Photo supplied by Murcia ministry of tourism

Spain offers hikers and cyclists nearly 3,000 kilometres of “Greenway” paths through tranquil and picturesque natural settings. Abandoned railway lines converted to trails, they extend throughout the country – more than 120 in all, both inland and near the coast. 

In the Murcia region alone, the network of “Vías Verdes” covers 220 kilometres following the incorporation this month of Chicharra Yecla. The other existing pathways, used by half a million people in 2020, cover the Noroeste (North-West), Campo de Cartagena, Mazarrón and Almendricos areas.

The 8.9-kilometre Vía Verde del Chicharra Yecla section was officially inaugurated by regional minister for the presidency, tourism and sport Marcos Ortuño and Yecla mayores Remedios Lajara (pictured). It begins at the old Yecla railway station, continues along an urban and cycling pathway, then returns to the former railway line before finishing at Villena.

National Greenway routes, including those in the Murcia region, are easily accessible paths, comfortable for walking or cycling and suitable for people of all ages and fitness levels, as well as for nature lovers with reduced mobility or other disabilities.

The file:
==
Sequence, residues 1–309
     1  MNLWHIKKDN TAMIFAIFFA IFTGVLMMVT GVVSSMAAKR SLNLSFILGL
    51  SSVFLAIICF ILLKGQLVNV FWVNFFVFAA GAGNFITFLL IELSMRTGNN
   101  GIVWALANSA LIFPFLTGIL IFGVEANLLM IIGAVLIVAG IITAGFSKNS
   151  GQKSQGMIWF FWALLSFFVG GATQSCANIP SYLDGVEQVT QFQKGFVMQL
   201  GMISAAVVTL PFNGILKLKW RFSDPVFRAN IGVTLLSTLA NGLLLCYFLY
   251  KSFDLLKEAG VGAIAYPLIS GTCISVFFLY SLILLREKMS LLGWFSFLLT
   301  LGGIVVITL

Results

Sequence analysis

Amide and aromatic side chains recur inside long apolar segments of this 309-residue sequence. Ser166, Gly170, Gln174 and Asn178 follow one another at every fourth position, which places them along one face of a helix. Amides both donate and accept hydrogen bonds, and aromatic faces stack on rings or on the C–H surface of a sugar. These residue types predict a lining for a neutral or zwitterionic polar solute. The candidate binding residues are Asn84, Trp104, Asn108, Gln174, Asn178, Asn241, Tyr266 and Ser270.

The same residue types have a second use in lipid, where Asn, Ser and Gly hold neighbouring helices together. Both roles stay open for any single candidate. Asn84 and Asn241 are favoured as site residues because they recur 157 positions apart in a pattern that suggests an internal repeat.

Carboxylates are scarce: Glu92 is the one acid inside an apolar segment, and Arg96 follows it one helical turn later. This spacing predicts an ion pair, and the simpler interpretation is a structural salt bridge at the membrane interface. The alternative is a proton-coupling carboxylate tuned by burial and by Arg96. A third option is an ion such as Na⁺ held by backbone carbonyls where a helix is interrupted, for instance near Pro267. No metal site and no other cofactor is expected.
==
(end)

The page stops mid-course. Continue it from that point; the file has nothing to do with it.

The routes are varied, covering both rural and urban areas, their length can range from five kilometres to well over 100 kilometres, and they are extremely flat, with slight curves and slopes no greater than three per cent. Various activities are also organised around the trails, such as sports events, photography workshops and cycle touring meetings.

More than 100 former railway stations in Spain have been restored to provide new services for modern travellers, including hotels and hostels, restaurants and cafés, railway museums and nature centres, tourist information offices and bicycle hire shops. The old rail routes also offer a wealth of heritage, with tunnels, viaducts and bridges.

Explaining why Greenways should be chosen as a hiking option, Spain’s official tourism website noted, “For their comfort, safety and variety and, of course, their natural beauty. However, Greenways offer much more than nature. These former railway tracks have been prepared for sport use and are all clearly signposted. Furthermore, everything has been carried out with the greatest respect for the environment, integrating the routes in their natural setting. Along the trails, you will find panels explaining the main natural and cultural points of interest. The Greenways website also has a map of all the rail trails in Spain with detailed information on each one.”

And for cycle touring? “Because you can enjoy nature as you cycle without the inconveniences of sharing a road with motor vehicles. Motorised traffic is restricted, and in most places where Greenways cross roads they go over or under them. The tunnels along the routes are also lit up for the convenience of cyclists and walkers, with a good surface and straight stretches for a comfortable transit.”




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